Covering everything from the major news of the week and burning social issues, to expat living and la vida local, EL PAÍS’ team of English-language bloggers offers its opinions, observations and analysis on Spain and beyond.

Authors (Bloggers)

Chris Finnigan is a freelance journalist based in Barcelona. He writes for Barcelona Metropolitan and is a book reviewer and reader for The Barcelona Review. He is a graduate of the London School of Economics. You can find him on twitter @chrisjfinnigan

Ben Cardew is a freelance journalist, translator and teacher, now resident in Barcelona after growing up gracefully in Scotland via Norwich. He writes for The Guardian, the NME and The Quietus, among others, on everything from music to digital media. You can find him on Twitter @bencardew

Fiona Flores Watson is a freelance journalist, guide and translator who has lived in Seville since 2003, and has been a writer and editor for more than 20 years. She writes for the Guardian, Telegraph and Sunday Times Travel Magazine. Originally from Essex, Fiona is also Consulting Editor of and has her own blog, Scribbler in Seville. She has been contributing to Trans-Iberian since 2014 and tweets at @Seville_Writer

Jeff Brodsky is a freelance writer. He arrived in Barcelona in 2013 via an admittedly indirect route, living in Chicago, Arizona, Seville, Amsterdam, North Carolina and Madrid. Despite not having stepped foot in Seville for over five years, he still speaks Spanish with an Andalusian accent. Jeff’s writing has been published in newspapers and magazines in America and Europe.

Koren Helbig is an Australian freelance journalist and blogger enjoying a life of near-eternal sunshine in Alicante. She writes for publications in Australia, the United States and the United Kingdom, focusing on stories exploring smart and positive approaches to social issues. She hangs out on Twitter at @KorenHelbig and keeps a selection of her favourite stories at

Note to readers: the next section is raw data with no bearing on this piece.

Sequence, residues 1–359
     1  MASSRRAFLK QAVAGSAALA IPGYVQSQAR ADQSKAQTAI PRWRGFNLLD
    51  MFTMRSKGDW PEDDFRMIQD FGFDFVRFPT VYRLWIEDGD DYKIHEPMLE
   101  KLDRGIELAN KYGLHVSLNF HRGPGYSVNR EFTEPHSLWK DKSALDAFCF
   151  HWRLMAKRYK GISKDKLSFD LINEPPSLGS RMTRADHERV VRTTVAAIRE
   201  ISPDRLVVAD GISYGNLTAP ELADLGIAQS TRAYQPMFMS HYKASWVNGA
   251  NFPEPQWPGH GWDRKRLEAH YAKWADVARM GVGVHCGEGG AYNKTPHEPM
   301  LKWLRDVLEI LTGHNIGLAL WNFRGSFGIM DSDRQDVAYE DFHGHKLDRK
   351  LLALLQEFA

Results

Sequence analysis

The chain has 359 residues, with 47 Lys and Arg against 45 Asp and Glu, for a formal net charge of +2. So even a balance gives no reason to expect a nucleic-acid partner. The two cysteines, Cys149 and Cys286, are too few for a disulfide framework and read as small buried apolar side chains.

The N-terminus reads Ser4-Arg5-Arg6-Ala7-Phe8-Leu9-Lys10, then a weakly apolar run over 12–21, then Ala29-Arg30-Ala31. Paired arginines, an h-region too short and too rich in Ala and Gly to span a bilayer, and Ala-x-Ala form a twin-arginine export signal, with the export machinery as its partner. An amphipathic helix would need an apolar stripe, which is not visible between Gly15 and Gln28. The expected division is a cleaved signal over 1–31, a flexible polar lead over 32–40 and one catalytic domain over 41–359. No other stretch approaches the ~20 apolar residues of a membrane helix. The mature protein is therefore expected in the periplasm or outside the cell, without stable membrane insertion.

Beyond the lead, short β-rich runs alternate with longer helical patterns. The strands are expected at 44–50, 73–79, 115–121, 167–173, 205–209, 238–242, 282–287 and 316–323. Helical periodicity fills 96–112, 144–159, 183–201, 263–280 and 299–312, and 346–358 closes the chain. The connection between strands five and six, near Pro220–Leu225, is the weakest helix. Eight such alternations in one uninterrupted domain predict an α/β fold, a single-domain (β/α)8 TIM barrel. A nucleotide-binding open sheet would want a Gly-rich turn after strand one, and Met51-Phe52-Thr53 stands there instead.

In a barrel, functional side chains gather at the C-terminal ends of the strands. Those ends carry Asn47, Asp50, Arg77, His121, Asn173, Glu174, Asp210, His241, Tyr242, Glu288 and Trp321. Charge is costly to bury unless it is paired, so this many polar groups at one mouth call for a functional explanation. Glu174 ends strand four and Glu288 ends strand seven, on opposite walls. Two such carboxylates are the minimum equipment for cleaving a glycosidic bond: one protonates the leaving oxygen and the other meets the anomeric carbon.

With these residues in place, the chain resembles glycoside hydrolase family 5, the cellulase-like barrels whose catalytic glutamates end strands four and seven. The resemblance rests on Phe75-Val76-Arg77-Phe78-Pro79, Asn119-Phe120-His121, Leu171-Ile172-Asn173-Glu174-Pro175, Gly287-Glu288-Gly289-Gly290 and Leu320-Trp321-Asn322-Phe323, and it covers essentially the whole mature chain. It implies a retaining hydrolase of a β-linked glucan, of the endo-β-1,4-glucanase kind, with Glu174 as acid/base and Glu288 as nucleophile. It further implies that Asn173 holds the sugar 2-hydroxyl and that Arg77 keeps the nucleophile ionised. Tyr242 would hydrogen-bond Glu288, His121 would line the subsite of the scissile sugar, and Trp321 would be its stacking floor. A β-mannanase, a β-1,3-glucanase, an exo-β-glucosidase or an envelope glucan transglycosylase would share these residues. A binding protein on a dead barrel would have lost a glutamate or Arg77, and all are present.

Julie Pybus lives in a small off-grid house on a hillside in Catalunya. She usually focuses on helping charities and social enterprises with their publications and websites, but has also written for The Guardian, Country Living and The Observer. Julie launched and runs a hyperlocal website which endeavors to increase understanding between the different nationalities in her area @JuliePybus

Paul Louis Archer is a freelance photographer, multimedia storyteller and artist educator. A cross-disciplinary worker, who endeavors to encompass the mediums of photography, audio design and writing. Born in Hertfordshire of an English father and Spanish mother. Based in the United Kingdom. @PaulLouisArcher

Vicki McLeod is a freelance writer and photographer. She has lived in Mallorca since 2004. Vicki writes about her beloved island for The Majorca Daily Bulletin, the only daily English language paper in Spain; produces regular columns for the Euro Weekly News, and articles for Vicki runs PR strategies for several businesses in Mallorca and London as well as working on her own blogs and projects. She and her husband, Oliver Neilson, supply photo and text content for private clients via @phoenixmediamlr. She tweets at @mcleod_vicki.

Born in Newcastle upon Tyne and based in Barcelona, Alx Phillips writes about contemporary art, dance and theatre in a way that human beings can understand. For more previews, reviews, interviews and extras, check: